My younger brother had had similar experiences. At one point he was hired by a respected brokerage firm in New Jersey to run its trading desk. On his first morning there he walked into the office and discovered that the Bloomberg terminals that supposedly had been ordered hadn’t arrived. Then he found out that the traders didn’t have their series 7 licenses, meaning they weren’t allowed to trade. And then he learned that the CEO had some regulation 144 private placement stock which legally is not allowed to be sold. But the CEO had insider information that bad news was coming, and he wanted to sell the stock. My brother explained to the CEO, “You can’t sell this stock. It’s a felony.” The CEO assured him he understood. My brother went out to lunch with the Bloomberg rep to try to get the terminals installed that he needed to start trading. By the time he returned to the office, the unlicensed traders had illegally sold the private placement stock based on insider information. My brother had walked into a perfect Wall Street storm.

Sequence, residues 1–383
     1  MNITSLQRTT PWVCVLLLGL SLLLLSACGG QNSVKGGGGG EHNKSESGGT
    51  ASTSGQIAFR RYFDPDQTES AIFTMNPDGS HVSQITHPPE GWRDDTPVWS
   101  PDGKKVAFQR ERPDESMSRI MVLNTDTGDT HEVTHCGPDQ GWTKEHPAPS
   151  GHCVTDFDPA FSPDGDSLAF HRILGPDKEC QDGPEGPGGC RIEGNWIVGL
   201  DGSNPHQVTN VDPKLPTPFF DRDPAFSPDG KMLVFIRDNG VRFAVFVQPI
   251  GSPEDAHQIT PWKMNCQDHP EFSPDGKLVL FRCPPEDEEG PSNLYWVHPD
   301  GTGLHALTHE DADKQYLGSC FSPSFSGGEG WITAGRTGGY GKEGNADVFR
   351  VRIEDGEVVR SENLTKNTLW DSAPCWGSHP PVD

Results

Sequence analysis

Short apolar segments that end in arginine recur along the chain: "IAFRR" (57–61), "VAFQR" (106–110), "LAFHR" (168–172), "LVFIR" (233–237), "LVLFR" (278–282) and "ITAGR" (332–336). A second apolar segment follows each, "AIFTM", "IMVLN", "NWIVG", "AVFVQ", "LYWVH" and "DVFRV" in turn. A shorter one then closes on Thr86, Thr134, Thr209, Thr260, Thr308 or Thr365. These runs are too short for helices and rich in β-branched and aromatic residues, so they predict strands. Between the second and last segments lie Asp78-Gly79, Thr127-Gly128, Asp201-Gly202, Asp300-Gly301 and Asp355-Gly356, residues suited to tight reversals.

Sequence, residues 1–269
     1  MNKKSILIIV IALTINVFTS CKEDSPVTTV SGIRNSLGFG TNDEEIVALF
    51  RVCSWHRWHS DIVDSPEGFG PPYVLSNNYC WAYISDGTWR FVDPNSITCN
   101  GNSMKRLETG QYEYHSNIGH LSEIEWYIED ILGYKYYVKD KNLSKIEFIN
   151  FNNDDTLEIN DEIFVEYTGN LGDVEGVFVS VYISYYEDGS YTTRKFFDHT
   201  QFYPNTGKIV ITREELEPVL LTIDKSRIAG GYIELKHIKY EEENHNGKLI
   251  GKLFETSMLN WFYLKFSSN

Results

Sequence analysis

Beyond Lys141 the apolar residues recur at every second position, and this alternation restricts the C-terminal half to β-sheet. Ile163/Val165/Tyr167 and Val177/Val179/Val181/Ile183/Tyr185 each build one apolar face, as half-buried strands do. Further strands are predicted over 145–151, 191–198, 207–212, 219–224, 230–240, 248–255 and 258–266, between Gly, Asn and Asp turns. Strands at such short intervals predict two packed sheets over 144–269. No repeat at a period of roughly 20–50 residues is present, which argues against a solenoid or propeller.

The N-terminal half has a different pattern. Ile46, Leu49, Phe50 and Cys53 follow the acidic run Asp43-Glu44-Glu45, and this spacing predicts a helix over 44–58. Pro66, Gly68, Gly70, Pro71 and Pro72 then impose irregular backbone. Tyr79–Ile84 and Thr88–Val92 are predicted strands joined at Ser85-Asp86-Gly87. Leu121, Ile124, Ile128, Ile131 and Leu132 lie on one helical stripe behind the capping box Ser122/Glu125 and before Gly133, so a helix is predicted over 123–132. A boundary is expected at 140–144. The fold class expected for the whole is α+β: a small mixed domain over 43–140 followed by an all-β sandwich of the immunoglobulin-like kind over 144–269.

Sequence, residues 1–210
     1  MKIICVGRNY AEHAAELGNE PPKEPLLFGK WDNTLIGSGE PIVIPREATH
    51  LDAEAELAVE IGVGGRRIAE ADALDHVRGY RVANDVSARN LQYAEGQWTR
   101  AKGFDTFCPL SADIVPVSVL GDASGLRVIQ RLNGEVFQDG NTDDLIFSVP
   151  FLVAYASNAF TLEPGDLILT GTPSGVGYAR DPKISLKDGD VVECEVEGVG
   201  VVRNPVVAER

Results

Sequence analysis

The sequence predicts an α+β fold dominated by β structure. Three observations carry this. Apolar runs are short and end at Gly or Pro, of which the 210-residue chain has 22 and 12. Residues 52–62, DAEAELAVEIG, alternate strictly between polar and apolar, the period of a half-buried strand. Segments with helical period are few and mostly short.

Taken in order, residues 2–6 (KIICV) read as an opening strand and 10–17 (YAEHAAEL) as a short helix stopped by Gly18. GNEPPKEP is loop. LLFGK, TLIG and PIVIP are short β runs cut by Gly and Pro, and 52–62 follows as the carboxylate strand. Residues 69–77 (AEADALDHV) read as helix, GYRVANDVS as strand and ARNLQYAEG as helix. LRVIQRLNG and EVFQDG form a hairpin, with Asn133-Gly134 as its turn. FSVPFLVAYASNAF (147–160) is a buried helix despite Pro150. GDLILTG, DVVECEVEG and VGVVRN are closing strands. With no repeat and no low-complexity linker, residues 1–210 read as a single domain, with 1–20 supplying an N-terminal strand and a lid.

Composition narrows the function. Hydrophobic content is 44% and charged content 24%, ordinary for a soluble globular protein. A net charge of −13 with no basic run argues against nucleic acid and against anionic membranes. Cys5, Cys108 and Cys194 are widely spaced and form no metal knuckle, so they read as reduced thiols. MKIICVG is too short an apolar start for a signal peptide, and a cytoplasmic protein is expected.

He called me in a panic, “What do I do?” I said, “These are felonies. The first thing to do is write your resignation letter. The second thing you do is get copies of all the trade tickets. Get all the evidence you can on your way out the door. And the third thing you do is go home and type up everything and send it to the NASD.” That’s exactly what he did. The NASD did absolutely nothing. These were clear felonies, and the NASD didn’t even respond to his complaint.